Robin at StorageMojo has an interesting article up (right after the one about Violin maybe being dead).
I won’t comment on that second one, other than to say I disagree with his analysis and conclusions. As the day job is nominally a competitor (we’ve seen them in a deal, once) I am biased. But the fundamental analysis simply doesn’t look good for them (or Fusion, or …). They need a larger player to buy them. I don’t know if Toshiba or Sandisk would … that would entail competing with their customers. But most of the pure flash array plays have a limited lifetime without tight coupling the computing within it.
The article I wanted to comment on was the first. And he had written this:
Scale-out converged computes and storage that starts in the $20s.
We (the day job) agree with the analysis. Red Hat is going to continue pushing OpenShift + others, and have people do the “DIY” clouds and storage. As many people discover when they do this, the box label where it says “just add hardware for an instant cloud” is about as far from reality as one could be.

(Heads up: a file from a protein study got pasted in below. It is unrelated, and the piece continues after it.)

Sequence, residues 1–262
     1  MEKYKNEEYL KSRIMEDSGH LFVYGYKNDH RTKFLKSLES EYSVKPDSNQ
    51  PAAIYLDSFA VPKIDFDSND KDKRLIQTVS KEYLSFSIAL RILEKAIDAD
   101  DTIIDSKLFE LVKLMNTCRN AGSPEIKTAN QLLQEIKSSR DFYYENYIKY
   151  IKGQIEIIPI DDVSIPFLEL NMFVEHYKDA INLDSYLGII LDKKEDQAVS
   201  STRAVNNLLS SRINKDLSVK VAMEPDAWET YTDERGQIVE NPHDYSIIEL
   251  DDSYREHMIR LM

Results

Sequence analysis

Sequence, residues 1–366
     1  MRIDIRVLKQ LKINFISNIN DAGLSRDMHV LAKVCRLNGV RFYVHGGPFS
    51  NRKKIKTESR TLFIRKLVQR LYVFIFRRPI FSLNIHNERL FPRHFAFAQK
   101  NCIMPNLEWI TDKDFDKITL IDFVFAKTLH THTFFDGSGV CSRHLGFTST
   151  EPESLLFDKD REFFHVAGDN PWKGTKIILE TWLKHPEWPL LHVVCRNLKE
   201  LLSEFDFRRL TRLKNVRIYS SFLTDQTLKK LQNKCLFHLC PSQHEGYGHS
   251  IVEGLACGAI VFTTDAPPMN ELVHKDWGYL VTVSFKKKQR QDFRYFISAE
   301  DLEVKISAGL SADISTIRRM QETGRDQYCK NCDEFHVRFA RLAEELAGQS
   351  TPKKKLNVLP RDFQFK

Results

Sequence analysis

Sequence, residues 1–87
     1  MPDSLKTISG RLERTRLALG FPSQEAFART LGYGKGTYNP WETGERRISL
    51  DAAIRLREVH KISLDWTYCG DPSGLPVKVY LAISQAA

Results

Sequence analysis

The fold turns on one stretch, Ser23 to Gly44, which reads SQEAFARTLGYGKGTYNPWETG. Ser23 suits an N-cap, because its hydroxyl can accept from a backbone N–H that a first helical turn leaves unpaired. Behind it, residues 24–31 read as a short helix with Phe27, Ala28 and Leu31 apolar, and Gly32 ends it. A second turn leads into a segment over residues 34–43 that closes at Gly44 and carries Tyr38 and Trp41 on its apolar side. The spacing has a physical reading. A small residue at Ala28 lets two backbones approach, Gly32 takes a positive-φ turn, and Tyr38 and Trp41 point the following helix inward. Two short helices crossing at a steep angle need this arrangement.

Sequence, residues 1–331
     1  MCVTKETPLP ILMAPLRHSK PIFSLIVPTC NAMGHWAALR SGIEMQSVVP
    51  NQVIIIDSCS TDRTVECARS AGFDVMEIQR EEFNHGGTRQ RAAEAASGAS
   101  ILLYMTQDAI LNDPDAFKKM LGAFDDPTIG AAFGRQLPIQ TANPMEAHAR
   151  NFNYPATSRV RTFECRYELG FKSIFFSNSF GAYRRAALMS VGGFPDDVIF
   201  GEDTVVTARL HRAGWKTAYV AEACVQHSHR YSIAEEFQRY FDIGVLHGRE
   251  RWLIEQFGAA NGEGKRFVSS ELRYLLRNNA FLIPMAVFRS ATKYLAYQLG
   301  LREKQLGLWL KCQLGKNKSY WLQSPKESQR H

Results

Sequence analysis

Which is why the second and third points are so important. They could be easily lumped together as “scale out tightly coupled computing and storage appliances with low entry cost, easy scale up and out.”
Which, we wholeheartedly agree with. As we’ve been doing this tightly coupled thing for the life of the company, building scale out computing and storage appliances, and formally productizing them almost a decade ago.
We’ve been building these appliances to attack a number of different problems we see as being important to customers. And we are seeing very strong growth in demand.
We’ve been arguing for years that the tight coupling between computing, storage and network pipes is what matters most for scale out, and our benchmarks demonstrate this again and again.
Not having venture backers limits what we can do and how quickly we can grow … this is one of the harder realities of life. But its nice to hear that others believe strongly in the model … from potential competitors to industry pundits. Its was hard being a lone voice in the wilderness evangelizing a world view. Its rewarding to now see this world view adopted and repeated by so many.
I agree with Robin’s two latter points as noted. There aren’t that many tightly coupled computing and storage companies out there. But the products they are building are changing the game whereever they are used.